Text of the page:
• When an actor α wants to send a Pony-level message containing i, then if i is not owned by α it first checks that its (foreign) reference count for i is > 1. If this is not the case, then the actor chooses some new value k ≥ 1, sets its foreign reference count for i to k+1, and sends an INC(i,k) message to the owner of i. (Choosing a k > 1 enables sending of multiple messages counting i without needing to send an INC message every time). Following this pre-flight check, the actor proceeds to send the Pony-level message. If it is the owner of i it increments its local reference count for i by 1, and if it is not the owner of i then it decrements its (foreign) reference count for i by 1.

Given a system that maintains the invariants, we can now describe how gc works…

An object is collectable by an actor if three conditions are met:

  1. The actor owns the object
  2. The actor has no path leading to the object
  3. The local reference count for the object is 0

See the full paper for the argument as to why, if the invariants hold, these three conditions are sufficient. Note that this is a purely local decision with no need to consult any other actors or even the owning actors own queues.

An actor is collectable if:

  1. Its local reference count for itself is zero
  2. Its queue is empty

It remains to explain how an actor determines whether an object is reachable or not, and for those who have been paying attention, when DEC messages get sent!

  1. All owned objects are marked unreachable.
  2. All unowned objects with a foreign reference count greater than zero are marked as unreachable.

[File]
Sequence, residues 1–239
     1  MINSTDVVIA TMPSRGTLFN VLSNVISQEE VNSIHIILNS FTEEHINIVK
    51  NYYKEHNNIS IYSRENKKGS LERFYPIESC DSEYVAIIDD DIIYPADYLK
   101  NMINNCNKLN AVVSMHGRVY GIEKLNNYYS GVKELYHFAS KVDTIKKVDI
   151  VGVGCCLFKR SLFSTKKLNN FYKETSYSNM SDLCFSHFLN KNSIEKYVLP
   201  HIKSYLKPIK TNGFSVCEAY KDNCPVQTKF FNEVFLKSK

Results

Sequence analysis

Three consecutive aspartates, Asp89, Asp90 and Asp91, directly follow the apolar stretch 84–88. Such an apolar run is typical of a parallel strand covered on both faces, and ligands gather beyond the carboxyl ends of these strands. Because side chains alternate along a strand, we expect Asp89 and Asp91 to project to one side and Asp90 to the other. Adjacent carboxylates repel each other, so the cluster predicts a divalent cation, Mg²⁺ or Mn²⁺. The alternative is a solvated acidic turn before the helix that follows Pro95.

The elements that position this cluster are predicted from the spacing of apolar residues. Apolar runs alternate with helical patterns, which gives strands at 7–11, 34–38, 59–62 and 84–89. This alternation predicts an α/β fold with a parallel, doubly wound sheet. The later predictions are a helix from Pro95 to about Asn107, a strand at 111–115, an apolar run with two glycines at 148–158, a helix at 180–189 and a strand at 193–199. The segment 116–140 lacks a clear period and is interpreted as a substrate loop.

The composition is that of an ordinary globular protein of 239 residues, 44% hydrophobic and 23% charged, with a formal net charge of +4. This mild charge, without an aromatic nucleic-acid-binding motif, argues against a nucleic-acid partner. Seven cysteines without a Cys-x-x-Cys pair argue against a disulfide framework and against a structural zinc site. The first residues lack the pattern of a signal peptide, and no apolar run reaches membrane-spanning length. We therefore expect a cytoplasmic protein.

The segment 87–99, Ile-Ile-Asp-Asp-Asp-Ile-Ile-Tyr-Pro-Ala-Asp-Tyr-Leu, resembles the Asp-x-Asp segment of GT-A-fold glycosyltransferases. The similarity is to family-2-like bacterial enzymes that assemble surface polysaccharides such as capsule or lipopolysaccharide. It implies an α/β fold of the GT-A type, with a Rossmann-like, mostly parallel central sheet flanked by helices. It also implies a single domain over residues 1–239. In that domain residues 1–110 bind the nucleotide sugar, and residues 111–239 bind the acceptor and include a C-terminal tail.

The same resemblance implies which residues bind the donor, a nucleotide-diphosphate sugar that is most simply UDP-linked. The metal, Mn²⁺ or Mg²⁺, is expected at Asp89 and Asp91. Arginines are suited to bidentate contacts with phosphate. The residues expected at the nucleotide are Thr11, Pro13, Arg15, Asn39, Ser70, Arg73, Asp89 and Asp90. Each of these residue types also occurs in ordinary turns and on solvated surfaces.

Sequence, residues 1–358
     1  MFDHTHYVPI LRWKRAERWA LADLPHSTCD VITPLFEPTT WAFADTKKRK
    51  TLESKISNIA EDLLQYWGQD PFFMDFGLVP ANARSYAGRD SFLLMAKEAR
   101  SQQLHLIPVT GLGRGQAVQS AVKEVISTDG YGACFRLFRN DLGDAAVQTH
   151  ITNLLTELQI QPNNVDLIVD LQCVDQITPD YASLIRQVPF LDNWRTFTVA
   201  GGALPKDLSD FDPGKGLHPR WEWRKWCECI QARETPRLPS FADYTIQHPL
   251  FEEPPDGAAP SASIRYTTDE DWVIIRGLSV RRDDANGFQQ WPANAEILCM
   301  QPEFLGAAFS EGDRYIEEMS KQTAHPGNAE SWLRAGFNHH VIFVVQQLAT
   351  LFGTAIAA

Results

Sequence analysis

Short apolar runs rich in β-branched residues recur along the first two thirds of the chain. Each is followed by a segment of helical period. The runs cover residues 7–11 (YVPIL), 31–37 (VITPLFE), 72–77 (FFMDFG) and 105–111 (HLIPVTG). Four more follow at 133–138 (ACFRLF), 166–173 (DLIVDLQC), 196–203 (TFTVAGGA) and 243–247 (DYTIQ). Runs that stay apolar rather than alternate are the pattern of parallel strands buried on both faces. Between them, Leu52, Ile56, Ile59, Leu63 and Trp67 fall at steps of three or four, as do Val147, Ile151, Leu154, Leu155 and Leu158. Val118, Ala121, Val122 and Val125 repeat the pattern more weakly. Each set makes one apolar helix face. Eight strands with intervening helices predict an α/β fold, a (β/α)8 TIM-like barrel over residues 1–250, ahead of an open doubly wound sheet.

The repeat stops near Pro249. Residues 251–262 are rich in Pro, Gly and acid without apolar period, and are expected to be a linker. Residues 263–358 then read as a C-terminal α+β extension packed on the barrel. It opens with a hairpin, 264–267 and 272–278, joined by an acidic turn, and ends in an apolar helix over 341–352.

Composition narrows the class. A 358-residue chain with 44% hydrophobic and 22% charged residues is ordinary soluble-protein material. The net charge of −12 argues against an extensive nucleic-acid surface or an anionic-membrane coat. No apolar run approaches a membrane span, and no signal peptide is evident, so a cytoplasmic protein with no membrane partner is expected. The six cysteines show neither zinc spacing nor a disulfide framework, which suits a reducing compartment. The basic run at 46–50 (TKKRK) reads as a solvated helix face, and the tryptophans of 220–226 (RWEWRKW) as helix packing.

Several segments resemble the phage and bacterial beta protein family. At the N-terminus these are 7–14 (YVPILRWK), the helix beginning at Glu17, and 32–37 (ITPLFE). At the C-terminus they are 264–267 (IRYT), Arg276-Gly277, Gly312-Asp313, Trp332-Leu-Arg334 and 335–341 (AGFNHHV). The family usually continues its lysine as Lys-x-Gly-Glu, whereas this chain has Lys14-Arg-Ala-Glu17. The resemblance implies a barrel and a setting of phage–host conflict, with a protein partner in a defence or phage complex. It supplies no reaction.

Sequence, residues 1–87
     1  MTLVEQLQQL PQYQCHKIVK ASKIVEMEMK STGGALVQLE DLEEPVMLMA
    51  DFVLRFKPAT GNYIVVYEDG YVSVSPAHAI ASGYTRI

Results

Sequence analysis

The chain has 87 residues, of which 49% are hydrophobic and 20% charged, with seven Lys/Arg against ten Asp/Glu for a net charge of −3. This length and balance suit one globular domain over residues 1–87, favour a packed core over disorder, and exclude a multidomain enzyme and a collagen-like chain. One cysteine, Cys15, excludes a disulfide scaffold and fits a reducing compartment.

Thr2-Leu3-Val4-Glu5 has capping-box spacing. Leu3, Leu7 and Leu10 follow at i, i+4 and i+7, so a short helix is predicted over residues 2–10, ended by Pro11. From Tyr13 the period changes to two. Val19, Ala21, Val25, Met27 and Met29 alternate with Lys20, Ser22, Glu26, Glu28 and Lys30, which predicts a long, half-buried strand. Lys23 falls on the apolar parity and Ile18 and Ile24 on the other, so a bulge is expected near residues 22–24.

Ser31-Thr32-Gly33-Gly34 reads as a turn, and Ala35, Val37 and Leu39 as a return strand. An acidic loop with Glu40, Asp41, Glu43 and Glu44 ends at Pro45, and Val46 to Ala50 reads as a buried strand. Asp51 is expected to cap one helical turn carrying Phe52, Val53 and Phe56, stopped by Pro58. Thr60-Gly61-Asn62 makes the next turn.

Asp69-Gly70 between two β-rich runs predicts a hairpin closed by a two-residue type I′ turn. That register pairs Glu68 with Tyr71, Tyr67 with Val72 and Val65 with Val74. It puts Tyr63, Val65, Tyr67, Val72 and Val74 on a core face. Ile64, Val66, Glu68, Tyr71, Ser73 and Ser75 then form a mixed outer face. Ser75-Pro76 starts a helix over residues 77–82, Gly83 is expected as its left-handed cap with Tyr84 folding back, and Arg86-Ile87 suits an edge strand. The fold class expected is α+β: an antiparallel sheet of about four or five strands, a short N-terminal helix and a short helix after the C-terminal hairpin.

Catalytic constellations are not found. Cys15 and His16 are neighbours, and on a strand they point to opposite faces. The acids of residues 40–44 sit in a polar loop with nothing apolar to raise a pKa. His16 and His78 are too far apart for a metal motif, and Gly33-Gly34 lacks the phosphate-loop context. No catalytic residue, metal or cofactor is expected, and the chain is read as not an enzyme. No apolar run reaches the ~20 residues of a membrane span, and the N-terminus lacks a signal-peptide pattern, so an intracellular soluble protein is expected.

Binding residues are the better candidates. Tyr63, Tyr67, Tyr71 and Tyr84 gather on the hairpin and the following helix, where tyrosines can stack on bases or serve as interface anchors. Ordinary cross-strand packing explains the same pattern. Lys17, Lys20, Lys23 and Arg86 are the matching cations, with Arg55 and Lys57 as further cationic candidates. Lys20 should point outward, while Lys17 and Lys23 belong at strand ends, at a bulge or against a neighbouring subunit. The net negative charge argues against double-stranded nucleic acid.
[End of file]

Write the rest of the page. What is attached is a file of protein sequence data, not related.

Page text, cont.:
3. Tracing occurs from the actor’s fields only, marking objects reachable, whether they are owned or not.
  4. All owned objects with a local reference count greater than zero are marked as reachable.
  5. Owned objects that are locally unreachable and have a local reference count of zero collected.
  6. Decrement messages are sent for unowned objects that are unreachable, and their foreign reference count is set to 0.

A few interesting points of note:

Our approach only runs a GC pass on an actor when that actor is not executing a behaviour. As a result, GC only occurs when there is no stack. This means there is no requirement for a stack map or a stack crawler… The combination of having no stack when garbage collecting and garbage collecting each actor’s heap independently means safepoints are not required. Any actor can GC its own heap without waiting for a safepoint to be reached…

And here’s a nice mechanical sympathy detail:

We use a mark-and-don’t-sweep collector that keeps mark bits, rather than pointers, in the heap data structure. By moving the mark bit out of the object, object contents are never written to during GC, and unreachable objects are never traced. This minimises cache pollution, eliminates page misses on unreachable objects, and reduces the trace phase to O(reachable) rather than O(reachable +unreachable).